Vicky Browning has announced she will step down as chief executive of the charity leaders body Acevo in May.
Browning, who has led the membership body for five years, said she planned to take a career break over the summer rather than moving on to a new role immediately.
Recruitment for her replacement will begin on 31 January.
Browning, who was previously chief executive of the communications membership body CharityComms, took over the role of Acevo chief executive from Sir Stephen Bubb, who had led the organisation for 15 years.
In a statement, Browning described her time at the head of Acevo as “fantastic”, and said her mission when she arrived had been to transform the organisation, grow the membership, restore its reputation and bring financial stability.
“I’ve achieved everything I’ve wanted to do: the turnaround is complete and Acevo is in a stable and healthy state, with a strong, reputable brand,” she said.
“I’m so proud of what the team and I have achieved in that time. Acevo has become a genuinely inspiring, supportive and collaborative community of sector leaders.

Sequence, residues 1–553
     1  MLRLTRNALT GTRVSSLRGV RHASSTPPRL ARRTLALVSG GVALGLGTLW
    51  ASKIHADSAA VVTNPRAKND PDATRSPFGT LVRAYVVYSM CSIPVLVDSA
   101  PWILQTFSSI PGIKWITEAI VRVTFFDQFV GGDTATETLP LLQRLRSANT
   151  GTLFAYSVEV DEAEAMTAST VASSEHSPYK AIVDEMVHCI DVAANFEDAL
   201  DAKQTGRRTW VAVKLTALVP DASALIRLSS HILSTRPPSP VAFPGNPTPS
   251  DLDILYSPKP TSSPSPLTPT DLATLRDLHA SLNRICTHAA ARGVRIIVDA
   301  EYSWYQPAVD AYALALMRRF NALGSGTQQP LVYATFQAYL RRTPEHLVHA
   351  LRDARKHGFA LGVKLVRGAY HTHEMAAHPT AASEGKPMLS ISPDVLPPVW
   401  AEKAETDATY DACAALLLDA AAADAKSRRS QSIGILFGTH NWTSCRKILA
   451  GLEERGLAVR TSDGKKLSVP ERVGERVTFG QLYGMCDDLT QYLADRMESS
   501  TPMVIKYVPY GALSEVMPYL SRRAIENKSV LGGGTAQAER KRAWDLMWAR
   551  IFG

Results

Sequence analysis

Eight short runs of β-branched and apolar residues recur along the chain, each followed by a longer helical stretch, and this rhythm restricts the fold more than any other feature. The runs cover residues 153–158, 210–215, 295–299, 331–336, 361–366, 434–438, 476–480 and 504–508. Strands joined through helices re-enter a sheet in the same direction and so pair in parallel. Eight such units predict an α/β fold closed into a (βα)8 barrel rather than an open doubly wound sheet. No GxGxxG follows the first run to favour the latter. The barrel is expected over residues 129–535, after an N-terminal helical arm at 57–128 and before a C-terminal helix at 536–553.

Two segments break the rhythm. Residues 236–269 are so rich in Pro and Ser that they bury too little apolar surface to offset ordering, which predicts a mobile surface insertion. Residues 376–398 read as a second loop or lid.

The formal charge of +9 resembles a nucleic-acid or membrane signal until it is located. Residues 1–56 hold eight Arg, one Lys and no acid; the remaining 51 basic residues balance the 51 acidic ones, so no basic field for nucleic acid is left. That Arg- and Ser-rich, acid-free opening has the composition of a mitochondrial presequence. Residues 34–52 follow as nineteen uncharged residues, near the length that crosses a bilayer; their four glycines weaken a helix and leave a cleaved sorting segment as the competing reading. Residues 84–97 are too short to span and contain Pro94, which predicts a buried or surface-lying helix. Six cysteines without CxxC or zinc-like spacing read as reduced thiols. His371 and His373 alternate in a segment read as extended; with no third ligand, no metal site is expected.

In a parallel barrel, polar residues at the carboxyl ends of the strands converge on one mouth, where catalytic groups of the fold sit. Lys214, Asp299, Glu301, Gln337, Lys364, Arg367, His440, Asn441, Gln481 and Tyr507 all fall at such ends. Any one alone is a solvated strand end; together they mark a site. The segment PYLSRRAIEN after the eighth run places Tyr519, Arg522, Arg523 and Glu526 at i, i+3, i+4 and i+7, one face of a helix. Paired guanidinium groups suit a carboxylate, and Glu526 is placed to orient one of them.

"I am humbled by the impact Acevo members have on our world, and grateful for the opportunity to work alongside them and support them over the past half decade.
“With a new strategy and a cracking team in place, there’s now the opportunity for someone new to take the organisation to the next stage.”
Browning said she would use her time off over the summer as “space to think about the next direction my career is going to take”.
She told Third Sector there were no plans for an interim chief executive, because her long notice period would mean there would be minimal gap between her departure and her successor’s arrival, adding that she believed “the team is more than capable of running the show for that time”.
In a statement, Rosie Ferguson, chair of Acevo, said the organisation had gone from strength to strength under Browning’s leadership, with an increase in members from 1,100 to nearly 1,700 and its member retention rate increasing from 64 per cent to 84 per cent.
Ferguson also said that, after successive historic deficits, the charity had a robust business model, was in a strong cash position and had delivered a surplus budget every year since 2017.
“Through this time, Vicky and her team have inspired a community of civil society leaders who have permission to be honest, collaborative and humble leaders, ensuring activities are driven by impact, not ego,” she said.
“They have driven forward critical discussions in the sector on equity, diversity and inclusion and on creating a safer sector.
“And Vicky has personally valued and nurtured constructive partnerships with our infrastructure sector peers.
“She leaves a strong platform from which a new chief executive can support civil society leaders to make the biggest possible difference in the years ahead.”